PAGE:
Great review thank you!
I’m a bikepacker and have been trying to get the weight down during the summer months. I’m ex services and remember guys sleeping in their kit and boots inside a bivvy bag, so they could be up and ready quickly when needed. I’m going to invest in one of these modern versions. It looks like it has a reflective inner which should reflect some heat back. Perhaps that’s why it adds an extra layer of warmth? For mild temperature use, I’m going to see if down jacket and down trousers are enough, and save all that worming and squiggling to get inside the sleeping bag inside the bivvy bag. A small tarp will allow me to sort kit if raining but I’m hoping that can be avoided too on dry and mild nights.
Hey Trevor! Yep give it a go, I imagine in the warmer, dry months and mild temperature down clothing should be more than enough. I’d recommend a floor/camping mat if possible so the bottom of the bag doesn’t get too sodden.
The key to getting into the bivvy easily is to just slide it on over the foot tip of your bag…sort of like slipping on a prophylactic, except it’s for your entire body.
Hi Rick, thanks for the tip!
Interesting info, thanks for uploading. Decided to buy a British army bivvy but went with a e
New/unissued bag to hopefully deal with potential problems that could occur with ‘graded’ bags.
Hi Laird, great! I hope you enjoy using it!
I always use with a tarp and start with the bag rolled down past my waist .This keeps my legs try when they stick out of the tarp and avoids condensation. If I need to I can quickly pull the bivi up all the way but this only happens in really bad weather.
Cool! Thanks for the tip Graham.
I got my first British Army bivi bag from a soldier (traded for a Canadian shelter half) when serving in the Canadian Army in the First Gulf War, 1991. I used it for 15 more years on exercise and operations from Canadian winters to rain forest, and for many more years after I retired for family camping to 10-day thru-hikes. I swore by it. The only downside is the weight (it’s 885 gm), but for me, it was always well worth it. I left my original behind when I moved to the UK 4 years ago, but just recently bought a “new-old-stock” replacement for solo wild camping here. There are lighter civi ones available (which admitedly I’ve not tried), but I prefer the peace of mind that comes with the more durable mil-spec ones. Provided you get one in good nick, I highly recommend them.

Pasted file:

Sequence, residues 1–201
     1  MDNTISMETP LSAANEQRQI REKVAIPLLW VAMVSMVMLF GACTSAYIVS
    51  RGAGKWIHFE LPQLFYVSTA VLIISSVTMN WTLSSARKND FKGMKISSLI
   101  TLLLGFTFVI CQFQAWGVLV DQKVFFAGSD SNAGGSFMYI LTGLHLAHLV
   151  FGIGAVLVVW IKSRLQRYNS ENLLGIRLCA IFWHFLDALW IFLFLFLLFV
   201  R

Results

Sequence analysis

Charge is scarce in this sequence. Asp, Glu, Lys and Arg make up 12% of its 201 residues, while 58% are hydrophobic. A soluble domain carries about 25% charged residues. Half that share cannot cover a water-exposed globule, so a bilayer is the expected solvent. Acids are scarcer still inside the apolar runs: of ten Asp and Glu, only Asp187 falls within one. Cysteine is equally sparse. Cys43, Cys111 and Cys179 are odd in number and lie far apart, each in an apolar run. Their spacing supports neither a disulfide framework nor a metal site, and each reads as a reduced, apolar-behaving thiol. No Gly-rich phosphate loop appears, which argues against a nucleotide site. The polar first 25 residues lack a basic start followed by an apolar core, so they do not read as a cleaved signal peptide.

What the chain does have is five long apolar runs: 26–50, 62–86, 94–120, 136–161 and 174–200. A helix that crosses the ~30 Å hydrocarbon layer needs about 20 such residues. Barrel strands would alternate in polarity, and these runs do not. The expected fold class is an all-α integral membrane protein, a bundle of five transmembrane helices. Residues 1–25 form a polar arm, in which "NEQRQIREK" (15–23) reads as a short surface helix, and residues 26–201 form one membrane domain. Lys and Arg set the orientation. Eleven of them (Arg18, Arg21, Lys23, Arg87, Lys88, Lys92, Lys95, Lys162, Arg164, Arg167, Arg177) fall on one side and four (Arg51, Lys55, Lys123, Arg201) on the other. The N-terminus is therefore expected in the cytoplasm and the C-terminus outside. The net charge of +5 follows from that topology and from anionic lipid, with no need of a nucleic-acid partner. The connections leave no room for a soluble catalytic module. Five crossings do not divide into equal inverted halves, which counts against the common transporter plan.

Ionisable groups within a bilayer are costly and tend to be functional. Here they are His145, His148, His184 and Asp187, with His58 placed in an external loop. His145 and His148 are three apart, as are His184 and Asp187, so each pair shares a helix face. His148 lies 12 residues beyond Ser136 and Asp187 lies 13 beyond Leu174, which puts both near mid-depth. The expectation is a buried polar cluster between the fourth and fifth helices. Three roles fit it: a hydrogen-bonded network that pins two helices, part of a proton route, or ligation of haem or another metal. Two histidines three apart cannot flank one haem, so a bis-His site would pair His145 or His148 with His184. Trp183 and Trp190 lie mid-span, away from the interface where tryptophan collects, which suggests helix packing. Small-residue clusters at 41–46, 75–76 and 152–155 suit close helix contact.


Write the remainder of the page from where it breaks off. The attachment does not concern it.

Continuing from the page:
Hi Chris, thanks so much for sharing your experiences. I’ve personally tried a few retail ones and nothing comes close!
Do you have any experience with non-genuine bivvy? I’ve just bought one from the eBay. When the package arrived, I’ve founded that the NSN number in the head area is missing. Seller claim the material is Still Gore-Tex.
Hi Daniel, I’ve had a look at the link (I’ve removed it from the comment). I think it’s likely that the company responsible for making the army bivvy probably does sell them to army surplus stores too, so you’ve probably got the genuine article.
Re-reproofing. Wash in isnt recommended with a bivvy bag. You should use spray on ideally. Putting a bivvy in a machine can result in it becoming a big bag of water being thrown around which can result in the fabric delaminating from the goretex membrane… Lesson learned the hard way a few years ago!
Thanks for the info Rob!
Great site. Very informative and nicely presented. I bought a British army bivy on ebay a little while ago (admittedly on a whim). 1996 issue and dark brown seam tape (which suggests the original one may have been replaced). I haven’t used it yet. Is the replaced seam tape that much of an issue in practice ? I have had a good look and the edges of the seams are not frayed. I guess there is only one way to find out if it really is waterproof , but I just wanted to get your views. All the best. C
Hi Cyril, yes absolutely the brownish tape may just be colouring with age and it could be absolutely fine. Take it out for a test run and see! Thanks for your informative comment.